Does anyone else have any experience in this area and care to share it? Has anyone dared to implement XSL-FO -> PDF using PHP ?

Benchmarking (in general)

I just wanted to follow up on Davey's post about extending PDO, because I think he isn't being very clear about what he's doing (no offence, Davey!)

Davey's Cortex framework allows you to pass in either a DSN or an already-instantiated-PDO object to its data object class, and Davey's post claims, quite rightly, that it is faster to not create brand new connections each time you create an instance of his framework objects.

Let's see if we can come up with a slightly more scientific and perhaps more fair set of tests.

When benchmarking it's important to get some decent numbers. If your test is over in less than 1 second, your readings are probably wildly inaccurate because your system may not have had a chance to properly utilize hardware or OS level caches or otherwise adjust in the same way that it would be doing under a consistent level of load.

If you're running a quick test, try to make it last more than 10 seconds. If you want to get a better numbers, run the test for longer; 5 or 10 minutes should give pretty decent results for a given code fragment, and an hour is probably as good as you could ever hope for.

Here's a simple test harness that runs for approximately 5 minutes:

    $start = time();
    $deadline = $start + (5 * 60); // run for 5 minutes
    $iters = 0;
    do {    
    } while (time() <= $deadline);
    $end = time();
    $diff = $end - $start;
    printf("Ran %.2f iterations per minute (%d/%d)\\n",
        (60.0 * $iters) / $diff, $iters, $diff);

This harness simply repeats a task until the time limit is more or less up, and then summarizes how many times it managed to run within the specified time, normalizing it to iterations per minute.

Notice that I'm not particular bothered about sub-second time intervals here, because they don't really have much impact when compared to a 5 minute time duration--5 minutes plus or minus half a second is still near as damn it 5 minutes.

Our first test creates some kind of object that does some kind of work on a database connection. We'll make this one re-connect to the database each time; this is equivalent to Davey's extending PDO case:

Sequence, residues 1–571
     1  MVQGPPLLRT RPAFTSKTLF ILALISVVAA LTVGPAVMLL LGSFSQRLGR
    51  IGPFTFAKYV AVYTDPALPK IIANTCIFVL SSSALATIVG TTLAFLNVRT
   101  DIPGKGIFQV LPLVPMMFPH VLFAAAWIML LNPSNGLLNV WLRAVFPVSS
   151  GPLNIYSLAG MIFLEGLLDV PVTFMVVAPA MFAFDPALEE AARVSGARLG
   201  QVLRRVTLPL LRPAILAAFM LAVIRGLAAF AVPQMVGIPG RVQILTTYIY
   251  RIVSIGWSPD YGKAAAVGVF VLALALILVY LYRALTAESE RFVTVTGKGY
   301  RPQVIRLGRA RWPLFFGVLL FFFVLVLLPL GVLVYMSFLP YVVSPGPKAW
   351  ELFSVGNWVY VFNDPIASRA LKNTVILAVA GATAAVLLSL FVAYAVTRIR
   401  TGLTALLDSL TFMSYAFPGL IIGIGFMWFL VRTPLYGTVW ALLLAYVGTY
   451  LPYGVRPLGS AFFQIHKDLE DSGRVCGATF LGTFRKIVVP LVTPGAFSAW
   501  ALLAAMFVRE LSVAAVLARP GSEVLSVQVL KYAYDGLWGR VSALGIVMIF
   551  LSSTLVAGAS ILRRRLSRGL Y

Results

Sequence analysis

// represents some object in your framework
   class TestObject {
      var $db;
      function __construct($db) {
         $this->db = $db;
      function doWork() {
         # Limited to 100 rows, because the connection cost
         # will be lost in the noise of the fetch otherwise
         array_reverse($this->db->query("select * from words LIMIT 100")->fetchAll());
   function something() {
       $db = new PDO($dsn, $user, $pass);
       $obj = new TestObject($db);

The next test uses the same test object class, but caches the PDO instance. This is equivalent to Davey's call proxying case:

   function something() {
       static $db = null;
       if ($db === null) $db = new PDO($dsn, $user, $pass);
       $obj = new TestObject($db);

The third test uses persistent connections; this is equivalent to Davey's extending PDO case, but "smarter"; even though $db falls out of scope and is destroyed at the end of each call to the something() function, the underlying connection is cached so that subsequent calls don't need to re-connect. This is transparent to the calling script, except for the extra parameter to the constructor, and is generally a very good thing to do with database connections:

   function something() {
       $db = new PDO($dsn, $user, $pass, array(PDO::ATTR_PERSISTENT => true));
       $obj = new TestObject($db);

Here are the results I got; since I'm lazy I'm only running mine for about 30 seconds each. I used a sqlite database with the contents of /usr/share/dict/words inserted into it (234937 words).

   one:   Ran 46734.19 iterations per minute (24146/31)
   two:   Ran 68504.52 iterations per minute (35394/31)
   three: Ran 64689.68 iterations per minute (33423/31)

The results speak for themselves; if you're initiating connections every time to you want to do some work, it's the slowest. If you cache the connection in a PHP variable it's faster than making persistent connections to PDO, because it doesn't need to create a new object each time. Persistent connections are "almost" as fast as caching in PHP variables; they need to create a new object but still reference the same connection internally.

It's work mentioning that benchmarks are tricky things. For instance, if you take out the "LIMIT 100" clause from the SELECT statement, the connection overhead time becomes so small in comparison to the time it takes to fetch the data, that all the tests wind up the same (about 18 iterations per minute with my test data). Similarly, if you limit the fetch to 1 row, you'll see a more exaggerated difference in the numbers, because the benchmark script is exercising your system differently.